ZIMBABWE has managed to attract many investors into the mining sector and continues to receive interest from United States of America, Britain, India and China, from which most investors are coming from, the Deputy Minister of Mines and Mining Development, Honourable Polite Kambamura, has said.
However, engagement continues to be shaped by mutual interest and benefit.
Speaking to Sunday Mail Online, Hon Kambamura said the decision to re-engage Anjin Diamond Mining Company – which used to generate US$200 million per year from its venture before stopping operations in 2016 – to mine in Chiadzwa was driven by the need to get the maximum possible benefit from exploitation of the precious stones.
Russia’s Alrosa, which is the world’s largest diamond producer, is also a new entrant in the sector.
“The Chinese company was taken on board in line with the diamond policy, which allows the Zimbabwe Consolidated Diamond Company, Murowa Diamonds, Alrosa and Anjin to mine diamonds in the country,” he said.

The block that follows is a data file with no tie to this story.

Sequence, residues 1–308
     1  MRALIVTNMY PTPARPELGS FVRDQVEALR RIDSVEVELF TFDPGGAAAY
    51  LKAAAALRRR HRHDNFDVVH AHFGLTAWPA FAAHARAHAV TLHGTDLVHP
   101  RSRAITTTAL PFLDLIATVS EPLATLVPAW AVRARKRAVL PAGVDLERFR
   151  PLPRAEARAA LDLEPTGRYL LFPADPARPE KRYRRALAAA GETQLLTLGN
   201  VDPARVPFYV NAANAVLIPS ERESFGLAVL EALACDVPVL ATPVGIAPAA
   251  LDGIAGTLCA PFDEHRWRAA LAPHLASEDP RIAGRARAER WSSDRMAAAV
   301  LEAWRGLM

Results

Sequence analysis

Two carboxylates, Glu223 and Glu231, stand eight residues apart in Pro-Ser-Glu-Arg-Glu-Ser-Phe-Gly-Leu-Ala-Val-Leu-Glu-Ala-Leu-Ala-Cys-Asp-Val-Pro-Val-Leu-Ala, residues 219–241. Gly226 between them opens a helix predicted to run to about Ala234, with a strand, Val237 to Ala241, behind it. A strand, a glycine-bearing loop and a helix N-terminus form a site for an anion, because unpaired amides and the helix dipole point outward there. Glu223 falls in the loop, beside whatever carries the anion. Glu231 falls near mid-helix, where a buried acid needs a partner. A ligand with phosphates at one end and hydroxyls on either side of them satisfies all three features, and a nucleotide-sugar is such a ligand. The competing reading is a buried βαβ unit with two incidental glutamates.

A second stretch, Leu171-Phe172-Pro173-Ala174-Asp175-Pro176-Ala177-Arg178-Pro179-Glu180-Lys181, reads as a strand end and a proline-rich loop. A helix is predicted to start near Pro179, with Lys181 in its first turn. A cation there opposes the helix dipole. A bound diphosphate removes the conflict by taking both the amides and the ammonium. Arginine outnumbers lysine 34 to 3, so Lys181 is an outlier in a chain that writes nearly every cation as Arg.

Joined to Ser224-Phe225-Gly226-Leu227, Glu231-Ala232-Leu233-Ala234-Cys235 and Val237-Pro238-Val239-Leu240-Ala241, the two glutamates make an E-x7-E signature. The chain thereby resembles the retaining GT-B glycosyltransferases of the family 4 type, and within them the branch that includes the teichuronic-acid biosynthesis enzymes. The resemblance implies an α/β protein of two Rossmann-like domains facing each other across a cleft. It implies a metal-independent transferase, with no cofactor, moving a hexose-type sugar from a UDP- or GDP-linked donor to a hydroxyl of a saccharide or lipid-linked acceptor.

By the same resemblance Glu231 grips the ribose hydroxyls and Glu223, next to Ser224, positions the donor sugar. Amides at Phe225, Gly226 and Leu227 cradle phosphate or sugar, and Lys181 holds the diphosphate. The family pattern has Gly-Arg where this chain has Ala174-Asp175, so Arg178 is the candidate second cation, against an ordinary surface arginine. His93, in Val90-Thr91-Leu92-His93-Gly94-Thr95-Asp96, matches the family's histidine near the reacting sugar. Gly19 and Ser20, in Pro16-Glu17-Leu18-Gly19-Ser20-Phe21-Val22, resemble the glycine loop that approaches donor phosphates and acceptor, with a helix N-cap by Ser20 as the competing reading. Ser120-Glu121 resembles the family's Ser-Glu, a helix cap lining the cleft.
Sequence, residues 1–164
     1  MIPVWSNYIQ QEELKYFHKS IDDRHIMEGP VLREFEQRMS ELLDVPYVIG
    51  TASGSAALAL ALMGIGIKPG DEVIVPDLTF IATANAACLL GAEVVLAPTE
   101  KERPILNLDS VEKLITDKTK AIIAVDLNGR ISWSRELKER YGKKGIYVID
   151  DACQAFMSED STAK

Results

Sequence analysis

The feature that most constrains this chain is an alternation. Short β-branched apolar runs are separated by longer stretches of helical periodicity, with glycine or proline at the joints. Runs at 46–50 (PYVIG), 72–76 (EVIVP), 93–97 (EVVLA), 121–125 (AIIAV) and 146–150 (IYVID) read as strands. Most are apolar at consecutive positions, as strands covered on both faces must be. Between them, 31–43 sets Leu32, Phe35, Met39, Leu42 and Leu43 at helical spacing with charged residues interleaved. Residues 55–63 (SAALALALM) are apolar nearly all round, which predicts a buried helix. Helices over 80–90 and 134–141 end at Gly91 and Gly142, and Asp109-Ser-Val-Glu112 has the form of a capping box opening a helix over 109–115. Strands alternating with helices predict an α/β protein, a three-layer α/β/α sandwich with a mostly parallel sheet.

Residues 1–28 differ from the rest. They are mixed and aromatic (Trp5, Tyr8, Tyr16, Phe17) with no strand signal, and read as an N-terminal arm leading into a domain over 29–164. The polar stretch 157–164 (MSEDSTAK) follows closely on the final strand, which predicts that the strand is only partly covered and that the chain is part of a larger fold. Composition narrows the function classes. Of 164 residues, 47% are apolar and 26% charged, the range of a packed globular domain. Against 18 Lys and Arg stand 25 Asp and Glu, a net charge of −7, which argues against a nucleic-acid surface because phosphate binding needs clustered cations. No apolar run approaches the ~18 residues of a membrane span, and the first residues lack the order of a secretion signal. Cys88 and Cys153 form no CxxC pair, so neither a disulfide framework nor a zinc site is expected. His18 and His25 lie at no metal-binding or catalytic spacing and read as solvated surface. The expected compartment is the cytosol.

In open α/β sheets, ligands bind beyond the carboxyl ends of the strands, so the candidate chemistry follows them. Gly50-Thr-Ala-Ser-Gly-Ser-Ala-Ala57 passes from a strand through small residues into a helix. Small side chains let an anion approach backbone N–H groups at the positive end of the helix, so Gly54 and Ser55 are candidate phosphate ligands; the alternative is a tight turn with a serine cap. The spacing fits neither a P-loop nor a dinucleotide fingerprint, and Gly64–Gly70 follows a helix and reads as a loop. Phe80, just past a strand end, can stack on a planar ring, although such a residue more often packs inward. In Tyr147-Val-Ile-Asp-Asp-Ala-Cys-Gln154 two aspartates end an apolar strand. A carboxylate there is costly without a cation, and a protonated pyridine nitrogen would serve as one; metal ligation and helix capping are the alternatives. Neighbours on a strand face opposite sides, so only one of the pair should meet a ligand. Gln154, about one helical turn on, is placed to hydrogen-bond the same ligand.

“We are looking at re-opening closed mines, capacitation of some companies in the mining sector. We are open for business, as the President has said.”
Government, he said, was conducting due diligence on all investors in line with international best practices.
“The re-engagement policy is paying off as we are attracting serious investors from the United States, Britain and India. The President has an open-door policy and investors are free to come to Zimbabwe and engage us. The Government wants investments in the country,” he added.
Significant progress has reportedly been made on two new major platinum projects by Great Dyke Investments and Karo Resources.
The mining sector is forecast to grow to a US$12 billion industry by 2023.
“We are busy focusing on the roadmap to achieve the US$12 billion mining industry in the next three years, hence we are not just looking at diamond mining but other minerals like platinum, chrome, gold and nickel . . .” he said.